I'd love to try and call what is going to happen, but I can't at the moment. It is certainly going to be a high stakes game this afternoon, but I strongly suspect that by the end of the day Mr MacAskill will no longer be in post.

Update 5pm: I think Kenny MacAskill acquitted himself quite well in the Chamber, taking the stance that he had sole responsibility for the decision and that he would live by his decision. Although he was accused of trying to blame everyone else (by Tavish Scott?) for the decision he took, it was clear that he was not trying to absolve himself of what was obviously a massive decision.

Unfortunately, he had very little he could add to his previous statement which made the whole performance seem like a rehash of the original announcement, and a complete non-event. The tone of the speech sounded like a sermon by as trainee minister, and rarely came to life despite the immensity of the subject matter.

Disappointingly, the chamber was half-empty: where were the rest of them?

The opposition parties will now be dragging the absentees back from the beaches and deciding how to proceed - I suspect a full debate will be staged sooner rather than later, and Kenny MacAskill's position is now more likely to be decided by the tone of the press coverage, rather than the 'skills' of the opposition.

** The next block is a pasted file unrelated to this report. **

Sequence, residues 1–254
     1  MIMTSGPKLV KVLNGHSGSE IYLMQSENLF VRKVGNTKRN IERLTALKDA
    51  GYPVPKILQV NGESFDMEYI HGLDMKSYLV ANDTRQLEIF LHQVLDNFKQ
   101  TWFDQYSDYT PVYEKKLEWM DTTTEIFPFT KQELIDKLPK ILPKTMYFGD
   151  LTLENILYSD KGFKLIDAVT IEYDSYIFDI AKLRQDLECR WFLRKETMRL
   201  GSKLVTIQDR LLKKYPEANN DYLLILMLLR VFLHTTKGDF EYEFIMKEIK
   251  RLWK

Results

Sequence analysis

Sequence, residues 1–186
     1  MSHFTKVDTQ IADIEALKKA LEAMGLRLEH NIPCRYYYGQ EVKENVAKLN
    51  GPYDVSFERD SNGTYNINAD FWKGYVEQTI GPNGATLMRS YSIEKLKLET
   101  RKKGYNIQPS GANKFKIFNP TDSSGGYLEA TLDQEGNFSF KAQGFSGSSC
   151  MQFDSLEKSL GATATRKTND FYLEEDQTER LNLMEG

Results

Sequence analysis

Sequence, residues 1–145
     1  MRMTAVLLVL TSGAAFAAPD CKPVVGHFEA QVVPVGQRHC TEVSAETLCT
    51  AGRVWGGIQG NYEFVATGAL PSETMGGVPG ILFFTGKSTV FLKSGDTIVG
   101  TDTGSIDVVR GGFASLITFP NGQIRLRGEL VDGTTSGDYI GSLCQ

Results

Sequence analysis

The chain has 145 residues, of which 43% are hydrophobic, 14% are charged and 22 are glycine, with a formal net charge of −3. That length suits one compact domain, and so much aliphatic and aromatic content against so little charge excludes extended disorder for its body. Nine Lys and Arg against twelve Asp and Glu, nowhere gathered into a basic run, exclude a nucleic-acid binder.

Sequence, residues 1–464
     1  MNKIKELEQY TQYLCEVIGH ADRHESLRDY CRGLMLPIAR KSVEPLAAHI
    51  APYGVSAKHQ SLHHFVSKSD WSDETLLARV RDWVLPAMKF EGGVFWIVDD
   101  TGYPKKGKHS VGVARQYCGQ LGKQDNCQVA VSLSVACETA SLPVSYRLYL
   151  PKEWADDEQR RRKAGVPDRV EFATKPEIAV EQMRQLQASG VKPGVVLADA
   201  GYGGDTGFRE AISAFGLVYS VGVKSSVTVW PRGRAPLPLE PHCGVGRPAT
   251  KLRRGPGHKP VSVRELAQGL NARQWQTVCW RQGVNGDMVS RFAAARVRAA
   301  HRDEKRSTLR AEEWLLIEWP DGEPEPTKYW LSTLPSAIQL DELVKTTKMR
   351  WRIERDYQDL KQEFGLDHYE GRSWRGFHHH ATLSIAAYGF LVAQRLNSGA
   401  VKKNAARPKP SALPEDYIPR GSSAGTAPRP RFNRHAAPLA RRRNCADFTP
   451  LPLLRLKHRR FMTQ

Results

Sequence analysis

Does anyone think the soft questions, distributed by the whips, and read badly by SNP backbenchers is either big or clever?

Friday, August 21, 2009

QinetiQ rocket ranges - the submissions

I have been very impressed with the quality of the submissions submitted in support of the Uist range from the Council, the local political parties, and by Highlands and Islands Enterprise.

There are many excellent observations, suggestions for improvements and ideas for taking the range forward, all of which are worthy of deeper consideration.

The HIE submission, however, highlights the restrictions placed on their assessment by the failure of the MOD/QinetiQ to provide the necessary economic information for a proper assessment to be made. That is worrying; and is perhaps an indication of a deliberate attempt to ensure that the full picture is not available to those making the case for retention.